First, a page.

The death penalty is the ultimate denial of human rights. It is the premeditated and cold-blooded killing of a human being by the state. This cruel, inhuman and degrading punishment is done in the name of justice but it violates the right to life as proclaimed in the Universal Declaration of Human Rights. The Universal Declaration of Human Rights, adopted by the United Nations General Assembly in December 1948, recognises each person’s right to life. It categorically states in Article 5 that: “No one shall be subjected to torture or to cruel, inhuman or degrading treatment or punishment.” We firmly believe that the death penalty violates these rights.

In order to apprise the international community ICHR-Kashmir project and Kashmir centre London has started a campaign on 9th of February. In a letter, by Abdul Majeed Tramboo to H.E Ms Catharine Ashton vice president of the European commission and the high representative of the union for foreign affairs and security policy European external action service Brussels, and he has informed her about this blood drenched drama enacted in Tihar jail in contravention to disregard for the rule of law and an in depth analysis at the entire judicial process has been enumerated as under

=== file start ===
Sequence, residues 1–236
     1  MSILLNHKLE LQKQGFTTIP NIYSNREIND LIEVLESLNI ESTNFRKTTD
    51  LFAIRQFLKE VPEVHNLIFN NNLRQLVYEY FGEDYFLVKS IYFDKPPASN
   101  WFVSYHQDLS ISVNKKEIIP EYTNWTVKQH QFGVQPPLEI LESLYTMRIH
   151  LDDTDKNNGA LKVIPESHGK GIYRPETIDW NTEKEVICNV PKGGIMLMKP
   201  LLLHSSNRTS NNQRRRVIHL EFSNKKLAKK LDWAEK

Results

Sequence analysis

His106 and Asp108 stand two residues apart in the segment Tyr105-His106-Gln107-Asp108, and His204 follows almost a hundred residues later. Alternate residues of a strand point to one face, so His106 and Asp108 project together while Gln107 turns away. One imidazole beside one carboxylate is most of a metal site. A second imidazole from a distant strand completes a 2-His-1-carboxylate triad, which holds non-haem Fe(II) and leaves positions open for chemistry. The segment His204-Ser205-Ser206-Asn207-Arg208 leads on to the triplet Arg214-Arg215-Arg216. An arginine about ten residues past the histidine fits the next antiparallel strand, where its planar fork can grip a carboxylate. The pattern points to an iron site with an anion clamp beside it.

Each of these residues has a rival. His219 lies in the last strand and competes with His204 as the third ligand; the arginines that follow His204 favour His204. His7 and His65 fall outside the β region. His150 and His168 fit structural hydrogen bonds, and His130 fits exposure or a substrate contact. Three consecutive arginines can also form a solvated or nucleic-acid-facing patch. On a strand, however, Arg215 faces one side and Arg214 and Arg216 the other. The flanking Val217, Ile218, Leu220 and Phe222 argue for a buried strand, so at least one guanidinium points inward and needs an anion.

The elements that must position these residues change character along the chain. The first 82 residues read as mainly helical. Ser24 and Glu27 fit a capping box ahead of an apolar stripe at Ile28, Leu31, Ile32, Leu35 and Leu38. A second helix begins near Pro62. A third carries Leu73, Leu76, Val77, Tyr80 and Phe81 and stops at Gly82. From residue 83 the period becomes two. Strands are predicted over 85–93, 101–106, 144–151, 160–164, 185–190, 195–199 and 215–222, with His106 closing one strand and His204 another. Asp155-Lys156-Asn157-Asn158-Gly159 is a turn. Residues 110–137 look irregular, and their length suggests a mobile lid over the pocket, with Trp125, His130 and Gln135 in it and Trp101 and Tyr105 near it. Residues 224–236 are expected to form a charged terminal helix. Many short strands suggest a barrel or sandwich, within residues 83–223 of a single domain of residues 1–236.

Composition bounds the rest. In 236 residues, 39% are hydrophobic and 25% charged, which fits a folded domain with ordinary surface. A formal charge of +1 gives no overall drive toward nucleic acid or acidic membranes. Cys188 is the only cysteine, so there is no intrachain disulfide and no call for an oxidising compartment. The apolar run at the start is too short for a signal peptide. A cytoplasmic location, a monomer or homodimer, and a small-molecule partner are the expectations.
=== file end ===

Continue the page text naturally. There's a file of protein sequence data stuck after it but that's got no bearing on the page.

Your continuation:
1. The evidence against Afzal Guru in this matter was entirely circumstantial. This was accepted by the trial court, the High Court, and ultimately by the Supreme Court of India. This is why the Supreme Court in its judgment stated: “As is the case with most conspiracies, there is and could be no direct evidence amounting to criminal conspiracies….. The incident, which is resulted in Heavy casualties had shaken the entire nation, and the collective conscience of society will only Be satisfied if capital punishment is awarded to the offender.” In my opinion, Madam Ashton, this itself speaks in volumes, the conviction and the punishment being based on political considerations.

2. It has been widely recognised by the Indian legal fraternity that Afzal Guru was not provided with adequate legal assistance, as a result of which his entire trial was prejudicial and unfair.